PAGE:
After several years of mounting criticism over the condition of its elephants, Woodland Park Zoo officials announced Wednesday that they would relocate their two remaining Asian elephants to another accredited zoo where they could be part of a larger, social herd.
Deborah Jensen, CEO of the zoo, said Chai, 35, and Bamboo, 47, would be sent together to a zoo that has a stable elephant collection that is free of disease and has an active conservation program that will highlight the threat to elephants in the wild.
Thirty-four accredited U.S. zoos have Asian elephant herds.
“We remain committed to putting the welfare of our elephants first,” Jensen said. She predicted that many members of the public would be disappointed that elephants, which have been on display in Seattle for 93 years, will no longer be a part of the zoo.
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“It is a difficult decision to move these animals who have long played an important role as ambassadors for their species in the wild,” she said.
She said the elephant-exhibit area would be used for display of other Asian animal species after review of the space and possible designs.
Mayor Ed Murray praised the decision to phase out the Seattle elephant exhibit. The zoo gets about $6 million in funding from the city annually.
“The zoo board is making the right decision to find a new home for Woodland Park’s elephants, one with more habitat and an interesting social environment. I know this was not an easy decision for the zoo’s senior leaders and the dedicated staff who care for these animals. My concern remains that we must find the best possible facility for Chai and Bamboo.”
The zoo has faced intense criticism over its elephant exhibit, built in 1989, where three elephants shared a small house and about an acre of land. That criticism intensified after the August death of the zoo’s only African elephant, Watoto, who had been on display for more than four decades.
In September, the U.S. Department of Agriculture faulted the zoo for sometimes leaving one of the two remaining elephants outdoors with no access to shelter.
But the decision to relocate Chai and Bamboo won’t appease all critics. Elephant activists who waited outside the Seattle zoo after Wednesday’s announcement called on officials to send the two remaining elephants to a wildlife sanctuary and not another zoo, where they would remain on display.
“They have earned the right to retire to a warm, sunny location where they can be on elephant time and do elephant things,” said Lisa Kane, a member of the Friends of Woodland Park Zoo Elephants.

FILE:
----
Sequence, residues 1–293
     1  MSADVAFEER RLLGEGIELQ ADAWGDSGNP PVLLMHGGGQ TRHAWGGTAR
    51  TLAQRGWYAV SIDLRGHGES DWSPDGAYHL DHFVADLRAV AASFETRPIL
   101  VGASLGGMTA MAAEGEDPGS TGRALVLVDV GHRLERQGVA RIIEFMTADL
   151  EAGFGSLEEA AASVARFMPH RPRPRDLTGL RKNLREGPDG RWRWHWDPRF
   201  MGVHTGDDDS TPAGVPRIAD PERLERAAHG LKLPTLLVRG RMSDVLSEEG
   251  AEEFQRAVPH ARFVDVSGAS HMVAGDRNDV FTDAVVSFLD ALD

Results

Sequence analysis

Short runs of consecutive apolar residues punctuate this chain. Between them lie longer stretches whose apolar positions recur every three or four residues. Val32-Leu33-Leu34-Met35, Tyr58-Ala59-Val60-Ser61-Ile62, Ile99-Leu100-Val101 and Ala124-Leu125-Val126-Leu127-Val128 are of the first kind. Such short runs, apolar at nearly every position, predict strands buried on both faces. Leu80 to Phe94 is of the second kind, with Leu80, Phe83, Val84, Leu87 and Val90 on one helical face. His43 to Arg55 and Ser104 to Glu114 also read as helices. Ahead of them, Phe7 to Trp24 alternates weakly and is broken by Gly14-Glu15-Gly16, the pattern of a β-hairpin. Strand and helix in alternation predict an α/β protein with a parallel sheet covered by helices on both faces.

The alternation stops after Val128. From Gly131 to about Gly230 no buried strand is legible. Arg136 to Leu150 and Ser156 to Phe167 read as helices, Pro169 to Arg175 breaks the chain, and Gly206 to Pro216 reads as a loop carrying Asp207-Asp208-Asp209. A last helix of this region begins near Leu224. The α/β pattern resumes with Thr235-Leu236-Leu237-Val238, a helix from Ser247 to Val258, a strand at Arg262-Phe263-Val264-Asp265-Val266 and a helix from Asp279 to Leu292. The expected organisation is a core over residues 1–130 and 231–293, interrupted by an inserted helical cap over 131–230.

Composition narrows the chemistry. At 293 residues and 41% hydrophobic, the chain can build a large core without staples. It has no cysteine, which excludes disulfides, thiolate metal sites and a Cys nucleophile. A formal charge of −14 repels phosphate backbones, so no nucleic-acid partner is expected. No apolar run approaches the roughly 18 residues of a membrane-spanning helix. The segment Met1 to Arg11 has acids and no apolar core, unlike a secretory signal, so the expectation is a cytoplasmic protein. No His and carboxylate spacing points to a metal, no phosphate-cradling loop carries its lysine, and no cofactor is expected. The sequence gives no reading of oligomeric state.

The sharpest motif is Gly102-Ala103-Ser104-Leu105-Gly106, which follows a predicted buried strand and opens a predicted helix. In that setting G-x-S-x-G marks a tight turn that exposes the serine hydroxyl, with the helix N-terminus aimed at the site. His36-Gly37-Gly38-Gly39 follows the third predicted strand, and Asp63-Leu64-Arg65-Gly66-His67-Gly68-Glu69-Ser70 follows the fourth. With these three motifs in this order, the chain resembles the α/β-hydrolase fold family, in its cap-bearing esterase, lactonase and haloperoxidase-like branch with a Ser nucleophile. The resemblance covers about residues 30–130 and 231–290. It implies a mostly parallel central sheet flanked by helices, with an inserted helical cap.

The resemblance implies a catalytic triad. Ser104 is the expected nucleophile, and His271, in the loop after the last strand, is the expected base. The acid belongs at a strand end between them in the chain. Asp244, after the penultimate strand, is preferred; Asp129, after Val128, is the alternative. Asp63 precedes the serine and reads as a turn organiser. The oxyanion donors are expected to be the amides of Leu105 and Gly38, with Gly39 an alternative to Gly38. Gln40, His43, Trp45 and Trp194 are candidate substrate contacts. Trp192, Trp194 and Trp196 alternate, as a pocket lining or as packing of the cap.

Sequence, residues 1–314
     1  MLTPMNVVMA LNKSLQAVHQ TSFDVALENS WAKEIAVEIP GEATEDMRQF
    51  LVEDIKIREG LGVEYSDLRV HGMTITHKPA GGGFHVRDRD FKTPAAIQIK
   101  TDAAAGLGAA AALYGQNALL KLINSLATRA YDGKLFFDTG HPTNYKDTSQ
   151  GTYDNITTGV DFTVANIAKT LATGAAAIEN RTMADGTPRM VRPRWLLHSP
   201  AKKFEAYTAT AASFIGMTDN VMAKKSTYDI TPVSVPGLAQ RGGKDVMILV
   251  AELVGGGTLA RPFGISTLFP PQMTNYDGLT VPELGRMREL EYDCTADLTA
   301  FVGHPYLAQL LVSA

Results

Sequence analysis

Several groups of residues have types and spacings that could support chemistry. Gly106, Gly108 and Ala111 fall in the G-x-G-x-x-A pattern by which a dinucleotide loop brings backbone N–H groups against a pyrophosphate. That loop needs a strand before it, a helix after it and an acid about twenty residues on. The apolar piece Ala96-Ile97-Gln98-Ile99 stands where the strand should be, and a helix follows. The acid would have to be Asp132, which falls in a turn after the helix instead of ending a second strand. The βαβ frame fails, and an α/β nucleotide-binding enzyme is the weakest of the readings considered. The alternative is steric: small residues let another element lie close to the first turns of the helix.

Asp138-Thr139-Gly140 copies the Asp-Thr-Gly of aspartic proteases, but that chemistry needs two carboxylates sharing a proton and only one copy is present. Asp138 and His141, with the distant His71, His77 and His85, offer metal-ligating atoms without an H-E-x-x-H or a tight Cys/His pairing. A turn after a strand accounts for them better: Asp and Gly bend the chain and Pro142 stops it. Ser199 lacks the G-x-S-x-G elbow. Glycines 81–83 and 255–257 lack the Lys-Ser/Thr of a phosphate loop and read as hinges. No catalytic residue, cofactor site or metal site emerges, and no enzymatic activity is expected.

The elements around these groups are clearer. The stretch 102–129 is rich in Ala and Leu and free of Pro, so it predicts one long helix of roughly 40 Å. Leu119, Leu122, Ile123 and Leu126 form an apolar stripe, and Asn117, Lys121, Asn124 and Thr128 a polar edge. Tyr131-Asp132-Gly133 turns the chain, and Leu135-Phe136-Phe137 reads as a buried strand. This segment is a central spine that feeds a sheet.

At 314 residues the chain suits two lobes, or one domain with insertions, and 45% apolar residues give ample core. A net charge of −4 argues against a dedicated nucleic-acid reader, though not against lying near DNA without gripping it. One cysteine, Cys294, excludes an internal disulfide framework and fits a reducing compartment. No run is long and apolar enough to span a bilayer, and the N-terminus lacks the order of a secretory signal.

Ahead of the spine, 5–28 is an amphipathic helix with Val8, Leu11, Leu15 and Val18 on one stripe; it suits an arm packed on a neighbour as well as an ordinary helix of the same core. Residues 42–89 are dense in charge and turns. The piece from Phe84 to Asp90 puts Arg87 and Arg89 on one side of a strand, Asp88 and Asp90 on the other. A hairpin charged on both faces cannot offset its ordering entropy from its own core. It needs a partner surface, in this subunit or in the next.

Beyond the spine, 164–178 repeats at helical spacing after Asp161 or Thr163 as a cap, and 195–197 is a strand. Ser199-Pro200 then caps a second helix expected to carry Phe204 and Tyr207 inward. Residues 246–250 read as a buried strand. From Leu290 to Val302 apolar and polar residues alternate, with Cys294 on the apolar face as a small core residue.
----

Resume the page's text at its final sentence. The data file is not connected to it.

Another activist, Alyne Fortgang, said relocating Chai and Bamboo to another zoo would mean “more of the same. The elephants need to go to a sanctuary. They’ve been in captivity since they were taken from their mothers as babies. They deserve to be off exhibit to heal from the trauma of captivity.”
Woodland Park will become the 25th zoo in North America to either close or phase out its elephant exhibit, following zoos that include San Francisco, Detroit and Brooklyn. Many zoos closed exhibits after transferring elephants to other accredited facilities, as Woodland Park officials plan to do. But some zoos, like those in Alaska and Detroit, chose to retire their elephants to nonprofit sanctuaries in Tennessee and California.
The number of elephants in captivity continues to decline.
A Seattle Times investigation in 2012 found that for every elephant born in captivity, on average, two others die. Breeding programs have encountered widespread failure, often from injury and disease. About 280 elephants remain in accredited U.S. zoos.
Jensen and other nationally prominent zoo officials have steadfastly defended elephant captivity as a way to raise public awareness and donations that help to preserve elephants in their natural habitats.
But dozens of Seattle activists and national animal-welfare organizations have pushed Woodland Park to retire its elephants to a sanctuary which can provide lifelong care for the animals on acres of land.
Following The Times’ investigation, the zoo launched a task force that conducted a six-month review of the elephant program. The group, which was appointed by the zoo board of directors and dominated by zoo supporters, recommended expansion of the elephant exhibit and creation of a multigenerational herd with an effective breeding program.
In March, zoo officials announced that they would spend up to $3 million to expand the program and relocate Watoto in order to build an all-Asian herd.
But Wednesday, Jensen said that adding to its aging herd was “not realistic in the foreseeable future.” Several zoos, including Denver and Los Angeles, have undertaken multimillion-dollar expansions of their elephant exhibits in hopes of creating successful breeding programs. Woodland Park would be in competition with those zoos for available elephants, Jensen said.
Jensen said the decision was not made in response to public pressure, but after consultation with elephant experts across the country and around the world about what was best for Chai and Bamboo’s welfare.
Martin Ramirez, curator of mammals for Woodland Park Zoo, said the zoo will enlist experienced large-animal transporters to relocate the two elephants and that their keepers will accompany them during the transfer, if the mode of transportation permits.